Your achievements today, as enriching as they are to you, do not belong to you alone.
As you celebrate, take time to acknowledge the gift of this educational experience. You have received it from others, from parents, siblings, teachers, tutors, children, confreres, artists, writers, coaches, friends and many more. Remember that you never stand alone. You belong to a greater community, yes even a world of mystery, which you cannot explain, but want to understand. There will be times when grief, sadness or mis-steps will enter your life. Take heart and believe that you are supported and strengthened by reaching out to all those around you.
Your education does not stop today. It is beginning afresh. Take the opportunities that will arise to be creative, to take new paths of learning, to expand your repertoire, be imaginative and inquiring. Trust that if you are open, the mystery of life can meet your wildest dreams.
Step out today from this university with the confidence, resilience and ingenuity to create a world which respects the other, learns from the new and ever changing, seeks the good and rejoices in the achievements of united communities.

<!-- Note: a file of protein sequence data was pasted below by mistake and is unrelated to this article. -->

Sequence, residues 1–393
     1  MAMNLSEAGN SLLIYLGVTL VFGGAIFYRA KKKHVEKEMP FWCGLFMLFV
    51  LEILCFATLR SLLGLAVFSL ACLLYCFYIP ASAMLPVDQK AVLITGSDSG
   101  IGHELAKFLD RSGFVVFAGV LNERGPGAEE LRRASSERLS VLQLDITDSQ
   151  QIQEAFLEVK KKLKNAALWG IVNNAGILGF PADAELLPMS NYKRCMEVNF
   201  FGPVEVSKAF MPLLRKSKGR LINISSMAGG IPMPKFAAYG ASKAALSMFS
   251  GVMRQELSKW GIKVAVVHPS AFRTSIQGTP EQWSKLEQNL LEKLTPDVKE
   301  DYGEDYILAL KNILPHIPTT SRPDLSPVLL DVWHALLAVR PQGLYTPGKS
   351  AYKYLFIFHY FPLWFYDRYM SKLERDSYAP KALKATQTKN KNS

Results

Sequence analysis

I dedicate this award today to all the women religious who have served the Australian community since the arrival of the Sisters of Charity in 1838. It is they who created Catholic healthcare, social service, education, and a spirituality of justice within our church. So this award belongs to all of them.
As a Sister of the Good Samaritan my life has been shaped by the Story of the Good Samaritan, let me finish with an adaptation of that story from a Good Samaritan Education staff member, Gabrielle Sinclair.
Jesus. A Lawyer. A question.
Do this and you will live.
A deeper question. Who is my neighbour?
Violated and left half dead.
One, two, maybe more pass by on the other side.
Blind, important, privileged they pass by.
An open heart approaches.
Seeing humanity. Neighbour. Responds.
Oil, wine and love poured out.
Immediate safety assured; hope restored.
Jesus. A lawyer. A question.
Go and do likewise.
Each and every one of us can go and do likewise.
Sister Clare Condon SGS
BA, Grad Dip in Educational Leadership, MPS.
Sister Clare Condon’s Address to Graduands, Australian Catholic University Graduation Ceremony, 26 May 2022, Sydney. To download a copy of this address, click here.